Germany. Blogs, videos, 360-degree movies – symbols of the contemporary media world. The nominations for the Grimme Online Award show that exactly these formats of the future make an important contribution to dealing with the past. In the competition of high-quality, journalistic online offerings, there are strikingly many productions on the short list that focus on contemporary commemorative culture.
For example, #uploading Holocaust: at the interactive online portal young YouTubers accompany the user on the way to the former concentration camp Auschwitz and can share his emotions while visiting the memorial site. The web documentary Im Märkischen Sand – Nella Sabbia del Brandenburgo (In the Sand of Mark Brandenburg – Nella Sabbia del Brandenburg) draws the viewer’s attention to a little known chapter of the Second World War: in April 1945, the German Wehrmacht shot 127 Italian forced labourers in the small town of Treuenbrietzen in Brandenburg. The production Inside Auschwitz 360° also reveals the extent of Nazi terror: the images transmitted by a drone show how gigantic the extermination camp was.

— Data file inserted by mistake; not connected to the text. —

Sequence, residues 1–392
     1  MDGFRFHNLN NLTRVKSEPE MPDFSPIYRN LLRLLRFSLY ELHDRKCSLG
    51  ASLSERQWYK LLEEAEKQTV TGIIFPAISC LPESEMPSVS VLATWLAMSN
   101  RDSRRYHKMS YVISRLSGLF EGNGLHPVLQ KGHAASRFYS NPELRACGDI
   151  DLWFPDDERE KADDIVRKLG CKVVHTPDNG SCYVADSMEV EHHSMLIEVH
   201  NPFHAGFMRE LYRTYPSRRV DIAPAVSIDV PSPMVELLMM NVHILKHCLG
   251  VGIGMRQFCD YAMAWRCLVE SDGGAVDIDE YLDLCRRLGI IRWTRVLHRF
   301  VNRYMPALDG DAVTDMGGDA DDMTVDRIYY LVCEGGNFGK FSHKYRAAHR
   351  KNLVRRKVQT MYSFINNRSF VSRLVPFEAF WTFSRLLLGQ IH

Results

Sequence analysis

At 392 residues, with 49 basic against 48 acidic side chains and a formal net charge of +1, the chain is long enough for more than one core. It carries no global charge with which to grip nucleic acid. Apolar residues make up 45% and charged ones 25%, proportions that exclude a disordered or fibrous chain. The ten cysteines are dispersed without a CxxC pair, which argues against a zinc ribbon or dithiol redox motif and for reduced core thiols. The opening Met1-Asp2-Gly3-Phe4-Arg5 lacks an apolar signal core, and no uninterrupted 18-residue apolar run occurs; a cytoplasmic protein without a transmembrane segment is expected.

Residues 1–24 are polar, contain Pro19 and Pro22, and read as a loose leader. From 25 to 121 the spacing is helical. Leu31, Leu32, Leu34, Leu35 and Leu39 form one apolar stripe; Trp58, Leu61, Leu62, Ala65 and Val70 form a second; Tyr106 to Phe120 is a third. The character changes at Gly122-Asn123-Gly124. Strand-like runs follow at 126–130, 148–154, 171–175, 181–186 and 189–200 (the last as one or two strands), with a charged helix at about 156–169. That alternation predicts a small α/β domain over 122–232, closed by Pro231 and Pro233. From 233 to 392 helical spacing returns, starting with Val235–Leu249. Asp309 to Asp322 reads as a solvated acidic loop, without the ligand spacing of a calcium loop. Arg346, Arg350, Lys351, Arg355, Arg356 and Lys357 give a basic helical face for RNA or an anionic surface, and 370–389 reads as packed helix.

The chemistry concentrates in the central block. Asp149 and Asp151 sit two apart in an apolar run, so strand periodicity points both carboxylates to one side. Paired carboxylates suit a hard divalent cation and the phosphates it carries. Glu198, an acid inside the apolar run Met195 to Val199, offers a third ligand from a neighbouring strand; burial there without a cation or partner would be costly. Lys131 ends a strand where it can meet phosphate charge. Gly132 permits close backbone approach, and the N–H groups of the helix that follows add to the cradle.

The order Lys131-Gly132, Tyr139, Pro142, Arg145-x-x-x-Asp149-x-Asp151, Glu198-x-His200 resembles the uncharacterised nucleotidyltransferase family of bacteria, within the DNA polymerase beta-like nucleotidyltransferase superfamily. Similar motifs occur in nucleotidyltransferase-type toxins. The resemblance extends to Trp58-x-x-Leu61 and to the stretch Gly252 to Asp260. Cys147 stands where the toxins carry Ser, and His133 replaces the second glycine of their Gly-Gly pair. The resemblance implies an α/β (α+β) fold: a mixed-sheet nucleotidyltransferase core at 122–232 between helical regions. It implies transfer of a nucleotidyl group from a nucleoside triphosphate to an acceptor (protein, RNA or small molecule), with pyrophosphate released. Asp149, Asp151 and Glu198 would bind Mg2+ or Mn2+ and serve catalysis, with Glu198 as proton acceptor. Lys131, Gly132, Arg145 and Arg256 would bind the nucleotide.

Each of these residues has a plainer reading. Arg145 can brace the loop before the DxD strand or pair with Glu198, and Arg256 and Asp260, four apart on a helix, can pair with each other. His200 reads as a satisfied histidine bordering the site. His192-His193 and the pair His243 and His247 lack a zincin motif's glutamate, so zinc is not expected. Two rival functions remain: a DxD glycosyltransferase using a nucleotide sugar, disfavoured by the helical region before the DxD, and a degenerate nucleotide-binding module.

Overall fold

These three and other works have been nominated for the Grimme Online Award in the category of Knowledge and Education. In the category of Information, the multimedia report „Rette sie, wer kann“ (Save Them If You Can) of the news magazine Der Spiegel is a candidate. The story takes the viewer aboard a refugee boat; it is tight, the sea spray is splashing, rescue vests are handed out. Seldom have we been brought so close to the European refugee crisis.
What does it mean to be German?
Refugees who are already in Germany have their say in Germania, a video series of the youth portal “funk” on public television. For example, Hadnet Tesfai, who fled Eritrea with her parents at the age of three. “As children, we lived in both worlds”, says Tesfai, who is now herself a mother and wants to give her children the best of both traditions. What does it mean to be German? Many other young people come to grips with this question in the series of portraits. The format has been nominated for the Grimme Award in the category of Culture and Entertainment.
“The most precise, deep and beautiful account of blindness I have ever read”, said the neuroscientist Oliver Sacks about the diary of the writer John Hull, which documents his going blind. The television channel Arte has made a virtual reality app “Notes on Blindness” out of it. It is a contender for the Award in the category of Special.